Clay Electric’s 79th Annual Meeting is Thursday, Mar. 30, 2017 in Keystone Heights. Members will find it to be an activity-filled day. There will be health screenings, a... Continue Reading ›
As a cooperative, Clay Electric is bound by the original seven cooperative principles. Concern for Community is the seventh Cooperative Principle.
In an effort to improve the lives of members, Clay Electric implemented Operation Round Up in October 2016, a program that generates and collects charitable donations that will be used to benefit organizations in the community. The program “rounds up” a member’s bill to the nearest dollar, and that tax-deductible amount goes directly to the Clay Electric Foundation. This foundation is governed by volunteer directors selected from the 14 counties in Clay’s service area. All funds stay in the community to benefit Clay Electric members.
Each month, the electric bills of participating members are rounded up – increased to the next dollar amount. So, if your bill is $119.99, it is rounded up to $120, and if your bill is $175.53, it is rounded up to $176. The average amount any given member donates is just $0.50 per month, with the maximum being $11.88 per year.
The program was created by Palmetto Electric Cooperative in South Carolina in 1989, and has since been adopted by more than 250 other co-ops nationwide (eight in Florida). Since its introduction, Operation Round Up has raised more than $41 million for charity.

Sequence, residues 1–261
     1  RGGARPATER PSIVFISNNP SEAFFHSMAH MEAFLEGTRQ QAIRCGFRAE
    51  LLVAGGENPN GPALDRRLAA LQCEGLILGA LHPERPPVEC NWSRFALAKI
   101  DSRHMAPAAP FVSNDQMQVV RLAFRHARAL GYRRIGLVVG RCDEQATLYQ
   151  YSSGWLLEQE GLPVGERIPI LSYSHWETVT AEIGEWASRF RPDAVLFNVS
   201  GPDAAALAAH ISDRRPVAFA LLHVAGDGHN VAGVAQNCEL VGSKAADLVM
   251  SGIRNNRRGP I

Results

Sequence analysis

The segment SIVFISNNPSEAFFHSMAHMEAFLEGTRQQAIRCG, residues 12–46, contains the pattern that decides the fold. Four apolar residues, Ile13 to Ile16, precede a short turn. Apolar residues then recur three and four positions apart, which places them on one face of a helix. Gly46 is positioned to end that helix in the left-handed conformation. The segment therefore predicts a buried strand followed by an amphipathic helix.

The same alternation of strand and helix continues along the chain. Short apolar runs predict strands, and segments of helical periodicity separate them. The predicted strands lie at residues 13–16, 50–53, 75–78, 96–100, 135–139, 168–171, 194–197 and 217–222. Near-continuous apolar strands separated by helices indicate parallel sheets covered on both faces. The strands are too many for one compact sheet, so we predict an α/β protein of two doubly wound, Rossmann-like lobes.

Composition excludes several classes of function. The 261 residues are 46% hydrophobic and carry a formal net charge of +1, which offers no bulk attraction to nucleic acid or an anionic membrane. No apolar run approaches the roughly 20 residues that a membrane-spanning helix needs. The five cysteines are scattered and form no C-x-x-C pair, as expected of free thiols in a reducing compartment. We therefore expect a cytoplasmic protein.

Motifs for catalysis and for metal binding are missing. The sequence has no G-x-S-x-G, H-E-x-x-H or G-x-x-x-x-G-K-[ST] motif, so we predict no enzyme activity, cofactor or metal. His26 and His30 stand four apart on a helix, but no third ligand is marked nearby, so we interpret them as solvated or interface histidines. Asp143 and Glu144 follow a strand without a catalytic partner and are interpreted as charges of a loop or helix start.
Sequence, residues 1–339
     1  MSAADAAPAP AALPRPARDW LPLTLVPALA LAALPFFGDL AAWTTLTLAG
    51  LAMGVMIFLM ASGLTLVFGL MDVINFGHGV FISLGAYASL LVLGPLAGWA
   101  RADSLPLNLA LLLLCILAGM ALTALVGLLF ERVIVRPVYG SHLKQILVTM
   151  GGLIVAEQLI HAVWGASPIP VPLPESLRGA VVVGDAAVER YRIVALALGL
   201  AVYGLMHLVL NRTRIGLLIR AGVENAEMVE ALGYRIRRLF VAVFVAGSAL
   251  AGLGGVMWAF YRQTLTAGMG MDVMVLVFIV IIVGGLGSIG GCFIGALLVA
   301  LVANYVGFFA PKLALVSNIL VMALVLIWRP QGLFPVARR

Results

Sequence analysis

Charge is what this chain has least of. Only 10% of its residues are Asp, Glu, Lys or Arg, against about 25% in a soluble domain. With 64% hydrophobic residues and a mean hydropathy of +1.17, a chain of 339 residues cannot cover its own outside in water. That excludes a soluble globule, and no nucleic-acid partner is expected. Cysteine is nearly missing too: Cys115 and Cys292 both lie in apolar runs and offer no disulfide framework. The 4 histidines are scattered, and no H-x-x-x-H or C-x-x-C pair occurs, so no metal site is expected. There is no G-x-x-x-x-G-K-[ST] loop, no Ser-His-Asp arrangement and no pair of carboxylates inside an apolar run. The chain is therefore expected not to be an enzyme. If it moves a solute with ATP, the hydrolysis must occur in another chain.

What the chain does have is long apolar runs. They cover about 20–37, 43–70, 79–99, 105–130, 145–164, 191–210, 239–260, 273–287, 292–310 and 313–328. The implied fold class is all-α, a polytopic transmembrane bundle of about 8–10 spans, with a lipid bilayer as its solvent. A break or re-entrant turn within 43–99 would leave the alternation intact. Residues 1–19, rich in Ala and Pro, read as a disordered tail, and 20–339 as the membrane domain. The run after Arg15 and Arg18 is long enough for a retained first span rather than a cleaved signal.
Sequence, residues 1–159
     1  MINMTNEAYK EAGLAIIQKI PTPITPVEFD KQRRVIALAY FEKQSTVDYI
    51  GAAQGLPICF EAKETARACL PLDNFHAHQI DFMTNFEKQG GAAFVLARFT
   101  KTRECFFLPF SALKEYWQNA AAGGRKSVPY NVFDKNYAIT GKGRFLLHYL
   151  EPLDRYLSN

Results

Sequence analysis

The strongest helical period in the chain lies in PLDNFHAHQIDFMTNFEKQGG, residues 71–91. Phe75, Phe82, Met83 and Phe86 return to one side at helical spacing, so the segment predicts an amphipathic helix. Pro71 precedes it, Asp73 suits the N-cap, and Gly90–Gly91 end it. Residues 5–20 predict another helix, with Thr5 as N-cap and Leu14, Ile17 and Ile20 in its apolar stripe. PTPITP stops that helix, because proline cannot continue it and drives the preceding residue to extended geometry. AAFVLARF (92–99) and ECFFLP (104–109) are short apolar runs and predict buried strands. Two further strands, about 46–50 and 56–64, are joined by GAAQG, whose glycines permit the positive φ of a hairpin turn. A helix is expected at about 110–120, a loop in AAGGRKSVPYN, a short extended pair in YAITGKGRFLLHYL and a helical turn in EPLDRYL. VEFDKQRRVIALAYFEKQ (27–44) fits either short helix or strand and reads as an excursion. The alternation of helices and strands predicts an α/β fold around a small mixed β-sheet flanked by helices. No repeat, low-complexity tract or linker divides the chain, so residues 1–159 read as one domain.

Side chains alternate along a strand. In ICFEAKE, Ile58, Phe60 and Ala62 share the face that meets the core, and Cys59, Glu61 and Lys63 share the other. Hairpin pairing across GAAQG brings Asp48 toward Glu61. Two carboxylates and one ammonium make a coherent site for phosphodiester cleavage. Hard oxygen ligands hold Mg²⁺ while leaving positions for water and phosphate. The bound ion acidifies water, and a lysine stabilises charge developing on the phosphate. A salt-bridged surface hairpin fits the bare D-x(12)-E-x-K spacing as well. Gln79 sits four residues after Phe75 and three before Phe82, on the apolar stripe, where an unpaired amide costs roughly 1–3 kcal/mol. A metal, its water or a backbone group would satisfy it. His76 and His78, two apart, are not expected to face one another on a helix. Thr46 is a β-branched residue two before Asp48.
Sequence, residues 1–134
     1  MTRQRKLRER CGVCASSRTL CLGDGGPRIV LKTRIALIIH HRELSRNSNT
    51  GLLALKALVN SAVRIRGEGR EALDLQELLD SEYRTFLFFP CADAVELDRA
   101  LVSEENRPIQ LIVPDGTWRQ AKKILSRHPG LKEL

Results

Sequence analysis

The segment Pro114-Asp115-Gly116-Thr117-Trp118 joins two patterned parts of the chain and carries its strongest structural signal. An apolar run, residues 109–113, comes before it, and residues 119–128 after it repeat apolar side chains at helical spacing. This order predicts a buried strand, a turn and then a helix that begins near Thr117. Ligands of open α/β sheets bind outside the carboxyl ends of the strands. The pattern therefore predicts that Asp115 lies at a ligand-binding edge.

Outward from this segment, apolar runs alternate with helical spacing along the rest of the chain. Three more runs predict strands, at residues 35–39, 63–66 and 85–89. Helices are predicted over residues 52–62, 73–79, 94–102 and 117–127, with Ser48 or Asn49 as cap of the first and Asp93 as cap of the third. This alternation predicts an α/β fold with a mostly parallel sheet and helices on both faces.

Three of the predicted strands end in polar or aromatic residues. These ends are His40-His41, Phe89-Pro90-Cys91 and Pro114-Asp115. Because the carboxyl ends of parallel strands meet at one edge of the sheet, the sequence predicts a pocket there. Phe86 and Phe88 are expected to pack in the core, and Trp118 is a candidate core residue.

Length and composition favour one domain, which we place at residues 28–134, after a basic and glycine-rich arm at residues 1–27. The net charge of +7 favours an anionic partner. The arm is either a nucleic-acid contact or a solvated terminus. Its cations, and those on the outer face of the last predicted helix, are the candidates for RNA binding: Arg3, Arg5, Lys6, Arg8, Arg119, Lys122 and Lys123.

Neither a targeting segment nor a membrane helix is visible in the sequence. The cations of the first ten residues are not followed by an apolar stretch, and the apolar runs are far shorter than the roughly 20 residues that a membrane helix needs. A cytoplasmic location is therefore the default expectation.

At participating co-ops, the money collected is deposited in a separate bank account to be used at the discretion of a specially designated foundation. The foundation’s board members will accept applications for donations and determine how funds are allocated. The foundation board consists of nine volunteers from throughout the cooperative service area who are appointed by Clay Electric’s board of trustees.
Clay Electric has a long history of supporting charitable and community service organizations, from children’s programs and athletic organizations to food banks and scouting. Our leadership sees the Operation Round Up program as part of our cooperative heritage and values – people coming together to help their neighbors. More than 77 years ago, residents came together to form Clay Electric to get electricity to their homes and farms, something they couldn’t do individually. Now, through Operation Round Up, local residents have the opportunity to come together to create change in their communities through a foundation – something they couldn’t do individually on this scale.
While the program is voluntary, members are automatically enrolled and will need to opt out in order to not participate. Other co-ops that have introduced Operation Round Up in this way have shown that more members participate – an average of 75 percent as opposed to 25 percent where members were required to sign up.
Members of Clay Electric were given plenty of notice and have the ability to opt out of the program.